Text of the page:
Jol’inkomo, Makeba’s war chant

In 1966, while Mankunku was still workshopping what would become his most recognised record, Miriam Makeba recorded and released her own wrestle with modernity, jazz and the African cattle complex. Makeba’s song, Jol’inkomo, appeared on All About Miriam Makeba.

In an introductory nugget she shared during a recorded live performance of the song, Makeba says that Jol’inkomo is a song traditionally sung by young women and girls to cheer young men on as they prepared to head out to battle. In other words, it’s a war chant.

Makeba brought it into the world of jazz in the service of the struggle against apartheid and colonialism. This, just four years after she spoke before the United Nations General Assembly. Jol’inkomo appears in Makeba’s repertoire as she was entering what was arguably the most militant phase of her life. In 1968 she married Stokely Carmichael, aka Kwame Ture, a prominent figure in the Black Panther Party. Their shared advocacy work in the service of anti-imperialist movements across Africa and in the US are a subject of historical legend.

Makeba opens her performance of Jol’inkomo with a throaty rhythmic hiss and heave. She then belts out the first lilting lines: Jol’inkomo Jola, aJamile aMadoda… The singer calls for the cows to be driven back into the safety of the kraal, for the men are standing ready to depart for battle. The grace and power of her delivery moved the poet Mafika Gwala to write a poem of the same name in response to her. Asked in an interview by Thengani Ngwenya about the significance of Jol’inkomo, Gwala answered: “Firstly, I’m a jazz digger. And I’m in love with that song: Jol’inkomo. I think Miriam Makeba was brought up in the ghetto, but she also kept her African roots. Hence her deep expression in that song.”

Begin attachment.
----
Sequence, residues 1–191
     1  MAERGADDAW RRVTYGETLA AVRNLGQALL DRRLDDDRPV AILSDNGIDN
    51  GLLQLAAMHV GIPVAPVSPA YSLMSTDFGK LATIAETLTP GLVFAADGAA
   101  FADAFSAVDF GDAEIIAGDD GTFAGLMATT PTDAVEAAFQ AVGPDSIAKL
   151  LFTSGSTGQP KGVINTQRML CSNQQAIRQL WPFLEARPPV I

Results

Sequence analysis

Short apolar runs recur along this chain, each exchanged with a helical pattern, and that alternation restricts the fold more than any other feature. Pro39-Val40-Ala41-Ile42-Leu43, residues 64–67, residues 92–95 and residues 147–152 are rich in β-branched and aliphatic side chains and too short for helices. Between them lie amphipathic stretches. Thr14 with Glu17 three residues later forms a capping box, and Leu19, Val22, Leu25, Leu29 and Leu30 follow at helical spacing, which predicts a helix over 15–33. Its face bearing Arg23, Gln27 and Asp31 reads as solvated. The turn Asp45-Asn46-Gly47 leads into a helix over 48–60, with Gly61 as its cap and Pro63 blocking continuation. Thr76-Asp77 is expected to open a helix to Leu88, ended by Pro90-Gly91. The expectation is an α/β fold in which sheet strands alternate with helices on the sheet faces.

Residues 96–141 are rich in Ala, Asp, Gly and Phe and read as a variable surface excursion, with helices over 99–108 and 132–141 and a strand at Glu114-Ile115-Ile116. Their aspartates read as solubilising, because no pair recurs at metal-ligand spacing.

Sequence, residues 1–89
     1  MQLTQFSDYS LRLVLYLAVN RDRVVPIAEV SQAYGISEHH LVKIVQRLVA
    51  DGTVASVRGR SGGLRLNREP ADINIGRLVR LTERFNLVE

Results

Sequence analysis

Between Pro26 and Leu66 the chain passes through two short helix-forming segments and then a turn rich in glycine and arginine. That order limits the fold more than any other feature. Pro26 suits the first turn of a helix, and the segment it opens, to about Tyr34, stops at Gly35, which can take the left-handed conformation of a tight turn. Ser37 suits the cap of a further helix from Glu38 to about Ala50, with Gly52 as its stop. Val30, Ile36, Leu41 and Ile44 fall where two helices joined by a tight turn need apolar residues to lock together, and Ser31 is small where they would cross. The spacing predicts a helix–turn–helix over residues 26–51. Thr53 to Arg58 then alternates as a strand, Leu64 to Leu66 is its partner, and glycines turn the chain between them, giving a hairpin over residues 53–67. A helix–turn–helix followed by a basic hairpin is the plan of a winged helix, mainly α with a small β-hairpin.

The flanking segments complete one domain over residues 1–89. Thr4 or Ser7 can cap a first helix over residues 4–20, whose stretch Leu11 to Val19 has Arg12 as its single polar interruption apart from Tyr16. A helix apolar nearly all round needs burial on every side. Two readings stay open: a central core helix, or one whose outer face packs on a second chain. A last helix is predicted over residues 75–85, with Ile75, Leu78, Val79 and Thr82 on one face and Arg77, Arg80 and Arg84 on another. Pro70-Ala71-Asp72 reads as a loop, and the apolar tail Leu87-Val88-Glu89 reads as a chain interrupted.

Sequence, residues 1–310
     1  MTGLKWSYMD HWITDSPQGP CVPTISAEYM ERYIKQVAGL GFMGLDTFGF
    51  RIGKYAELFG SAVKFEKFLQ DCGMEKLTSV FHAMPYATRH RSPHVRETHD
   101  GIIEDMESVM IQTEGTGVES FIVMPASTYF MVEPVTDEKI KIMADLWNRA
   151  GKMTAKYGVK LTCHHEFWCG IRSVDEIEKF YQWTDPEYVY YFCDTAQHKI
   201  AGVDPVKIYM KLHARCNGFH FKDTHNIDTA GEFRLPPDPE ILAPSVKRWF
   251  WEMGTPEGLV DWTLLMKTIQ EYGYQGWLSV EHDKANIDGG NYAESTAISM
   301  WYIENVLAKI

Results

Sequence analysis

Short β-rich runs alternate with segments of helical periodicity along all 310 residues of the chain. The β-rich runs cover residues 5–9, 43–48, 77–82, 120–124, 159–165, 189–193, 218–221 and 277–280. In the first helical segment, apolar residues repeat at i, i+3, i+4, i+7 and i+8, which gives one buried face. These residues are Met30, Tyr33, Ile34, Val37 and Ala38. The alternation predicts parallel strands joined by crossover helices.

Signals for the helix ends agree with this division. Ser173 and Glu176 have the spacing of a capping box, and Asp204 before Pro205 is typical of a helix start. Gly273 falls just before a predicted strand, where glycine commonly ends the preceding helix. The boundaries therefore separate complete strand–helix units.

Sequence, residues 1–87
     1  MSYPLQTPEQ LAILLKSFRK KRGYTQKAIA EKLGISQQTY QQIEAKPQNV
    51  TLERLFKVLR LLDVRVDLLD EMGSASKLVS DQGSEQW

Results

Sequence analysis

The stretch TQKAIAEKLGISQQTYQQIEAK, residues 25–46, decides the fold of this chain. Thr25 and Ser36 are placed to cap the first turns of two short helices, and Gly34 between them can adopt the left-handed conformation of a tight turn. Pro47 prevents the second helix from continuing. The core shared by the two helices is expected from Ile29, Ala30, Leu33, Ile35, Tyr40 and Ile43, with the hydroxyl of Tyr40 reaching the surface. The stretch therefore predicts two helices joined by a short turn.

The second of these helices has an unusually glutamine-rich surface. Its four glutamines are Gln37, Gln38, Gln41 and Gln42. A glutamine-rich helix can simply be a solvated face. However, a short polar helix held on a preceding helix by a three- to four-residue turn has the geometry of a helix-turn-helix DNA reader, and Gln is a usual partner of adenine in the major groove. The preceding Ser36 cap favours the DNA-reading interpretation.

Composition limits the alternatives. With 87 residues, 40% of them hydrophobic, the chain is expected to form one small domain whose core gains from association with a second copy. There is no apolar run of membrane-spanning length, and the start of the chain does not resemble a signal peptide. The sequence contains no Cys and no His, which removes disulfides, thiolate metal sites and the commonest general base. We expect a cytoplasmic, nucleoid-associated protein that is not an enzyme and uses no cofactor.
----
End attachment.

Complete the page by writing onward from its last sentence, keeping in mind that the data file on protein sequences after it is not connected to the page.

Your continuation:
This capacity to simultaneously exist in their traditional African roots and in the context of their urban realities is part of the shared power that connects Makeba and Mtshali, too. Their merger of the ancient with the modern, and traversing the predominantly masculine with feminine flair and rejection of marginality is monumental. They befuddle degenerate patriarchy while retaining the integrity of shared communal heritages. This is at the heart of jazz’s lofty vision, to demand strict selfless commitment to the collective while also rewarding great individuality.

In this series of features, Percy Mabandu explores landmarks of South African jazz on the road to the 2020 Unesco International Jazz Day. South Africa is the global host country.